“Now when Jesus came, he found that Lazarus had already been in the tomb four days. Bethany was near Jerusalem, about two miles off, and many of the Jews had come to Martha and Mary to console them concerning their brother. So when Martha heard that Jesus was coming, she went and met him, but Mary remained seated in the house. Martha said to Jesus, “Lord, if you had been here, my brother would not have died. But even now I know that whatever you ask from God, God will give you.” Jesus said to her, “Your brother will rise again.” Martha said to him, “I know that he will rise again in the resurrection on the last day.” Jesus said to her, “I am the resurrection and the life. Whoever believes in me, though he die, yet shall he live, and everyone who lives and believes in me shall never die. Do you believe this?” She said to him, “Yes, Lord; I believe that you are the Christ, the Son of God, who is coming into the world.” When she had said this, she went and called her sister Mary, saying in private, “The Teacher is here and is calling for you.” And when she heard it, she rose quickly and went to him. Now Jesus had not yet come into the village, but was still in the place where Martha had met him. When the Jews who were with her in the house, consoling her, saw Mary rise quickly and go out, they followed her, supposing that she was going to the tomb to weep there. Now when Mary came to where Jesus was and saw him, she fell at his feet, saying to him, “Lord, if you had been here, my brother would not have died.” When Jesus saw her weeping, and the Jews who had come with her also weeping, he was deeply moved in his spirit and greatly troubled. And he said, “Where have you laid him?” They said to him, “Lord, come and see.” Jesus wept. So the Jews said, “See how he loved him!” But some of them said, “Could not he who opened the eyes of the blind man also have kept this man from dying?” Then Jesus, deeply moved again, came to the tomb. It was a cave, and a stone lay against it. Jesus said, “Take away the stone.” Martha, the sister of the dead man, said to him, “Lord, by this time there will be an odor, for he has been dead four days.” Jesus said to her, “Did I not tell you that if you believed you would see the glory of God?” So they took away the stone. And Jesus lifted up his eyes and said, “Father, I thank you that you have heard me. I knew that you always hear me, but I said this on account of the people standing around, that they may believe that you sent me.” When he had said these things, he cried out with a loud voice, “Lazarus, come out.” The man who had died came out, his hands and feet bound with linen strips, and his face wrapped with a cloth. Jesus said to them, “Unbind him, and let him go.””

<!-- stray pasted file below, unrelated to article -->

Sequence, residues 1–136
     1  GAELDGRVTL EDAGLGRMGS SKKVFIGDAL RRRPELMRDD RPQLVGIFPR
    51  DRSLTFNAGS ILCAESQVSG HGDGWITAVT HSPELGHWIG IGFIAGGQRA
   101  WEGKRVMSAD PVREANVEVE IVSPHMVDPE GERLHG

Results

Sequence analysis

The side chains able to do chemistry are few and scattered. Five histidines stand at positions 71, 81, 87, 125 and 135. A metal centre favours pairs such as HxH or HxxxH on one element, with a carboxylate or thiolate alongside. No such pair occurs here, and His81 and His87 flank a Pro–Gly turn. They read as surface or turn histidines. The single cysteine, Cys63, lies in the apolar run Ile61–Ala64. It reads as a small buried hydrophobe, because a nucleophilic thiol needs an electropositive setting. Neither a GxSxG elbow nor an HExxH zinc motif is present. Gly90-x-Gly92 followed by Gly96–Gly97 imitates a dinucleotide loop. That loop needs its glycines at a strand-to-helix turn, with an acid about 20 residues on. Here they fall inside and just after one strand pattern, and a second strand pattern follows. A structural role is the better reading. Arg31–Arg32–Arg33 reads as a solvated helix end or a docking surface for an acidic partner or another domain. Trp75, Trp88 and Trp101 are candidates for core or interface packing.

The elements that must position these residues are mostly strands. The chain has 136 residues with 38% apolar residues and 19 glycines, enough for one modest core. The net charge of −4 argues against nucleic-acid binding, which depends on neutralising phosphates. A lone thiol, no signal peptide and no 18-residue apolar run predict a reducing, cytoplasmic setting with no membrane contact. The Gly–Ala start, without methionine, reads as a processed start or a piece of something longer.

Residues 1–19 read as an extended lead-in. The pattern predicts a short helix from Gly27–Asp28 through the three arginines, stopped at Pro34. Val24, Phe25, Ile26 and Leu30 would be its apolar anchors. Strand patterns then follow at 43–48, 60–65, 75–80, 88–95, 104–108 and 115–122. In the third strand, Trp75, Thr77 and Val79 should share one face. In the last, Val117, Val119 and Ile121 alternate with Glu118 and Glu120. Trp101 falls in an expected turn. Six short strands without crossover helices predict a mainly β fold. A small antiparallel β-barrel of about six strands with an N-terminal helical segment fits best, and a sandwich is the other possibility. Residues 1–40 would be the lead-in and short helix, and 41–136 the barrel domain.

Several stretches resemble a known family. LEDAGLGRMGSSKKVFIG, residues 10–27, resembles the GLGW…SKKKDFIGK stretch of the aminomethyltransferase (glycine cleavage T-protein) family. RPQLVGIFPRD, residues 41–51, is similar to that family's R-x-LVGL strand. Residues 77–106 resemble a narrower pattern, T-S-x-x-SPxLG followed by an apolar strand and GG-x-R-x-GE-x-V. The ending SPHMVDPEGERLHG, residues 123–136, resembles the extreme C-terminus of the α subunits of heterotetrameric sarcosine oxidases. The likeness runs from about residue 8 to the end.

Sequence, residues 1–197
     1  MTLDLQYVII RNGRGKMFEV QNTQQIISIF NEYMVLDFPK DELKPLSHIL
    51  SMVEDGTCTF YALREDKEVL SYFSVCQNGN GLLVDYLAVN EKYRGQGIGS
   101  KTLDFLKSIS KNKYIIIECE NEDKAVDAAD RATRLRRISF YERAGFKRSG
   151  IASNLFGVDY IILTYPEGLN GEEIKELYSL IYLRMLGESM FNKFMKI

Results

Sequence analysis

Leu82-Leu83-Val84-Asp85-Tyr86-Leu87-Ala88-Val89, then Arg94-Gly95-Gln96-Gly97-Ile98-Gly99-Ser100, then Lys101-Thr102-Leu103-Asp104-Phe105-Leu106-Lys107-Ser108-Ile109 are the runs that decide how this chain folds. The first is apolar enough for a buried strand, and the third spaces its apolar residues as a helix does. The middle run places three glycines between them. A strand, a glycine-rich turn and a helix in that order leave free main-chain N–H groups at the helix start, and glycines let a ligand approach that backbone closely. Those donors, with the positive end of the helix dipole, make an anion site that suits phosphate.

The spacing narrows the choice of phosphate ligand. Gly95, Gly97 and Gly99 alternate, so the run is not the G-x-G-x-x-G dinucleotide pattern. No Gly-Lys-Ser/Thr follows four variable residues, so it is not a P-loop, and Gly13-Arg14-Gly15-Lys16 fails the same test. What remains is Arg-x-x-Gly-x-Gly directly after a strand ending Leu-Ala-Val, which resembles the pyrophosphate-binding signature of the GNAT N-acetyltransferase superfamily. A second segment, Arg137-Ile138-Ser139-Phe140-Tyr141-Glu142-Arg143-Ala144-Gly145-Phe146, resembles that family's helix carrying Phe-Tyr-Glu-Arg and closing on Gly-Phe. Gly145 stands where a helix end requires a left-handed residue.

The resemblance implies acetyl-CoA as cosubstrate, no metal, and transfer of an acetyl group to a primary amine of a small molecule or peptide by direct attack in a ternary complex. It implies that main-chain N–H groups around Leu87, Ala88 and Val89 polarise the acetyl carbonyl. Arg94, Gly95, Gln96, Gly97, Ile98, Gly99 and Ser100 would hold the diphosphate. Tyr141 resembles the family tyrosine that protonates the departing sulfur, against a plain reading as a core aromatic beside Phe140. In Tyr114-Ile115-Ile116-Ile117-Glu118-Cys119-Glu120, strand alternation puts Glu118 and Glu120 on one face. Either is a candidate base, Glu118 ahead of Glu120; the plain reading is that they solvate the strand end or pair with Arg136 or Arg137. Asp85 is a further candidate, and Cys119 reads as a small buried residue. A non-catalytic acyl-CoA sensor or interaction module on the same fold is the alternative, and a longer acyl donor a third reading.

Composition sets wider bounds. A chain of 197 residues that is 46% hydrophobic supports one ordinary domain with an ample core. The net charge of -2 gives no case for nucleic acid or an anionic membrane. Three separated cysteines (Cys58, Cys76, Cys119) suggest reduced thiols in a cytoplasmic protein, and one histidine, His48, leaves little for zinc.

John 11:17-44 ESV

http://bible.com/59/jhn.11.17-44.esv

John Lewis